In this tutorial I will show you how to setup your studio strobes for full length portraits as we shoot an editorial style lighting setup. First we will look at the entire gear list we used and you can use for a similar setup, from the backdrop to the studio heads. I will breakdown our lighting. with lighting diagrams and explanation of WHY we are placing our lights where we are. Also, in this video tutorial we share some Behind The Scenes from our shoot day.
We had a great day in studio shooting and recording lighting setups; I want to thank BronColor USA for sending out gear for us to record the lighting tutorials. In the video tutorial we will discuss the how and well as the why, as mentioned above. It is important when going through this tutorial to not only consider where lights are placed, but why we are placing them there in order for you to be able to take these tools and use them for yourself. If we only learn the how, then when variables change, or things aren't quite working right, it will be difficult to make adjustments. Knowing the appearance we or you are going for will allow you to build your lighting setup and shape the light around the subject to fit the exact look you are going for. So before we get into the setup, lets look at the gear list.
1 x Broncolor Siros 400 S Monolight - 400 w/s monolight with built in WiFi - These strobes run approximately $1,400 although the non-WiFi model is $1,000 and with EDU pricing from B&H the 400 w/s strobe is $859
1 x Broncolor Siros 800 S Monolight - 800 w/s monolight with built in WiFi - the 800 w/s strobe runs between $1,100 (Non WiFi EDU Pricing) and $1,700
On the camera side of things I was shooting with my trusty Nikon D800, I'll link to the D810 on B&H if you would like to take a look, its dynamic range is something I haven't found a replacement for in the DSLR world. For my lens I went with the Nikon 85mm 1.4 - this is a great portrait lens and allows you to also get tighter crops without distortion. My trigger that you will see in the video tutorial above is the Phottix Stratos 2. One of the great features of these triggers, besides their lower price point, is the ability to very quickly turn strobes on or off with the A, B, C, and D channels on the back of the trigger.
The Lighting Setup
In the tutorial video we will walk you through the complete setup for this shoot. The challenge is lighting for a full-length portrait without it appearing that we are using two different light sources and without having any fall off. In the examples, in the video, you will see what our subject looks like with only the Octabox. In that instance, the bottom half of our subject is darker in exposure from the rest of our subject.
The main light in this setup is the 800 w/s Siros strobe with the Octabox as the modifier. The 2nd strobe, the 400 w/s strobe is fitted with the strip box and is lighting the lower half of the subject. When you see this setup or when you test the setup yourself, you may be surprised at how low the strip box is in its positioning. Also keep in mind that you want the light to move on the same direction and on the same angle as your main light. The main light is higher than the subject and pointed down towards her, so the strip box should be pointed at the same downwards angle. If your strip box is pointed straight or at a different angle it will lose the effect of appearing to be one large source and will possibly create an un-natural effect.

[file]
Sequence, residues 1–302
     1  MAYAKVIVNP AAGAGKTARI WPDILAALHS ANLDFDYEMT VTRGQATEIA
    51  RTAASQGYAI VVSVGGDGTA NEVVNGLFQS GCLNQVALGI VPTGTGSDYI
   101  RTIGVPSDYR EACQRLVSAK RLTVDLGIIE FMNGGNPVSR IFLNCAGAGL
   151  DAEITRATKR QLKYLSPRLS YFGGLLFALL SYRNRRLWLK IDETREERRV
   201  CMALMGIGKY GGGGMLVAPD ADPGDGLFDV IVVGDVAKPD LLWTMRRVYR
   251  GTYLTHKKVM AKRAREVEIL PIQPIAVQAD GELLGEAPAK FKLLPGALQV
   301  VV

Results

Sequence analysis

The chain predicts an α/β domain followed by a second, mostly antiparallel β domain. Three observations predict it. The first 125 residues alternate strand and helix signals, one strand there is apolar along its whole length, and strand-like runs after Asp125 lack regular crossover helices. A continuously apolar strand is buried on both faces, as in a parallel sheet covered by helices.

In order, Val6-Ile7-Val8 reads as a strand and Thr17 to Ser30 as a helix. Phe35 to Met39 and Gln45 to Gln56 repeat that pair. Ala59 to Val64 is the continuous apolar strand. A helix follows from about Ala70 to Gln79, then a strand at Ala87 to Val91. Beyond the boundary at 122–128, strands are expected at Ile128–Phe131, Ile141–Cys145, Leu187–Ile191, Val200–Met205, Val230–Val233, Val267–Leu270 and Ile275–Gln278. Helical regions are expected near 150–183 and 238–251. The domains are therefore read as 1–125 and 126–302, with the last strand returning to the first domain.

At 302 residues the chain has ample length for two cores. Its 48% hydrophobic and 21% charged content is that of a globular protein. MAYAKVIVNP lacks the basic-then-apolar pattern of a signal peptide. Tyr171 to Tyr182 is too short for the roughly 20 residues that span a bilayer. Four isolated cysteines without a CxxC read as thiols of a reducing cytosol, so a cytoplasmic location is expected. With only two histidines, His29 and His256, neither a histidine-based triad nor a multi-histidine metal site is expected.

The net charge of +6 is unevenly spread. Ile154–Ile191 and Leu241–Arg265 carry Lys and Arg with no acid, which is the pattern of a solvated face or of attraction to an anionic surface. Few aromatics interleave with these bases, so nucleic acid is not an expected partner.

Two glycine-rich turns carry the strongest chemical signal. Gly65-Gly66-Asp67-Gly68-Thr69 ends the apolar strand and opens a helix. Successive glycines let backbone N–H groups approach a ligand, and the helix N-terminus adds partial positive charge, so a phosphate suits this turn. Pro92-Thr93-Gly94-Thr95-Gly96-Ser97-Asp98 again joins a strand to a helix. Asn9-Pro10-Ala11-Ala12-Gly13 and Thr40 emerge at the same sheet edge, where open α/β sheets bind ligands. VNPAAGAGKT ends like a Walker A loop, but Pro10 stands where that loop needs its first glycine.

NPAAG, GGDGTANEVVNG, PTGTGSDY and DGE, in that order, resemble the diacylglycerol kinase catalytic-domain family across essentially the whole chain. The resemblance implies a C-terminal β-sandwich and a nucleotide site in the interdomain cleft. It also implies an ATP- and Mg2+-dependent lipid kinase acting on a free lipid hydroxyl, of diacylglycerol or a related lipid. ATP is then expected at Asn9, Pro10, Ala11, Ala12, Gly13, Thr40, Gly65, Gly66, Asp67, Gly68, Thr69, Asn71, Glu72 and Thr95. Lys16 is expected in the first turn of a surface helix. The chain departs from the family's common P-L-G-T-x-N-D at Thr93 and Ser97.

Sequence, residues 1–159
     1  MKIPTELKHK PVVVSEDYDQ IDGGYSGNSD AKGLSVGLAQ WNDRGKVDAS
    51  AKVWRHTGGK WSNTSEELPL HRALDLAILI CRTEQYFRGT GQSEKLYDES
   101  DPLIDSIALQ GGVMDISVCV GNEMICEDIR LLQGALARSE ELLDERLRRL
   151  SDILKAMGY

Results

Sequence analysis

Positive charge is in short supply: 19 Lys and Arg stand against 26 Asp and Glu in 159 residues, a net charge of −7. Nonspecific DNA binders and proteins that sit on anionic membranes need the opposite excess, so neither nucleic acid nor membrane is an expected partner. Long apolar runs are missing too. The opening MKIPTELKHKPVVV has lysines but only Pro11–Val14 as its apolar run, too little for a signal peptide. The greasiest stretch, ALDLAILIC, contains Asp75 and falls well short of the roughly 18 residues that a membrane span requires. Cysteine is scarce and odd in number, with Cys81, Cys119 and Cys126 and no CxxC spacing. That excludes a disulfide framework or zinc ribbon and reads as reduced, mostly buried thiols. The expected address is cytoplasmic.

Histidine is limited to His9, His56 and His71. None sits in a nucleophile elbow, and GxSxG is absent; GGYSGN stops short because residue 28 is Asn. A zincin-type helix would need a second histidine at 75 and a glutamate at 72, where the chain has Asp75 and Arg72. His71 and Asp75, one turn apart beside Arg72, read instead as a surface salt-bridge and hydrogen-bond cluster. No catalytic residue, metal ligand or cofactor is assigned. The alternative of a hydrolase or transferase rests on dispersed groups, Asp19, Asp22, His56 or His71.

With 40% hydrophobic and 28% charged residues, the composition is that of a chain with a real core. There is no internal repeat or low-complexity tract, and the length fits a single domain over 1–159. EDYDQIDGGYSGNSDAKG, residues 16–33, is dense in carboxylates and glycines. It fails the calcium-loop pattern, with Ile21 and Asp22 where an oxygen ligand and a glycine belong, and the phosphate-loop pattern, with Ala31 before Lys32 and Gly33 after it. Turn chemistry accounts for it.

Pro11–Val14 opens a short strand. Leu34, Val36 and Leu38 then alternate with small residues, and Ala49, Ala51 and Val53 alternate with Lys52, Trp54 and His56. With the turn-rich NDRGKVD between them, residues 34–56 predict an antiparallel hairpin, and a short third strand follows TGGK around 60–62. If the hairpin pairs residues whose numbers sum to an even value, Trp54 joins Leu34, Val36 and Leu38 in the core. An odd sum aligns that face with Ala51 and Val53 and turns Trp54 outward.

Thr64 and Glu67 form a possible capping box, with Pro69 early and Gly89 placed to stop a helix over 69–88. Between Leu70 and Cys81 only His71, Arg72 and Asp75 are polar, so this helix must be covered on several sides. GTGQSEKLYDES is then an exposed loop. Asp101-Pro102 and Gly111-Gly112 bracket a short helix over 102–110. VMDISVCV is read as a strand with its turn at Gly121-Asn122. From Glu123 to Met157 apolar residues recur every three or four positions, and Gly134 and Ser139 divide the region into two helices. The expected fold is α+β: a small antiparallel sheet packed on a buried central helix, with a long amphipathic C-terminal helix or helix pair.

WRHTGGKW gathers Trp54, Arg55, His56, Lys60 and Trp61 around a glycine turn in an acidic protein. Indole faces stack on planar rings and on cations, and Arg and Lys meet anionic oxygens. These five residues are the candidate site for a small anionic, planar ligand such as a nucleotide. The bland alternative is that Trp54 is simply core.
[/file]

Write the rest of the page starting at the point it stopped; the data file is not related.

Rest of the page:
Having the strobes at about a 45 degree angle from the subject allows for the light to reach the far side of the subject while still creating a dynamic and directional light, with a clear "shadow side". When shooting clothing its important to light for the clothing. Straight light usually doesn't flatter clothing, because it flattens everything out, minimizing the shadows that show the shape of the clothing. For a catalog type look you also don't want your lighting to be too dramatic, that is too say you want to be able clearly see from left to right, this is determined by the angle of the light and the fill on the opposite side. Having the light too far to the side will create an even more dramatic or even split light look, which is something that you would want to stay away from for this style of look.
You may also notice in the image above that we have two potential sources of fill, the window and the reflector. In order to take advantage of the window light, we would need to slow down the shutter. Remember that Aperture will control your strobe light and shutter will control your continuous light. The window light, in this setup, had little effect on our image in reality.
The reflector also had only a slight effect on the image, providing just a bit of reflected fill on the shadow side of our subject. In the video tutorial I discuss the difference in power output between the Octabox and the Stripbox. When considering fill we need to look at the far side our subject but we also need to consider the stripbox as a fill light as well. The Octa is our main light, but the strip box is filling in where the Octabox light source is dropping off.
The next two tutorials that we have slated for release include shooting window light in studio and how to create one very large source using monolight strobes and a fabric material.
Finally, remember to Subscribe to the YouTube Channel to get updates on the other lighting setups we recorded. If there is information or details that you would also like to see and hear in the tutorial videos, let us know so we can make sure our lighting and retouching tutorials are as informative as you guys want!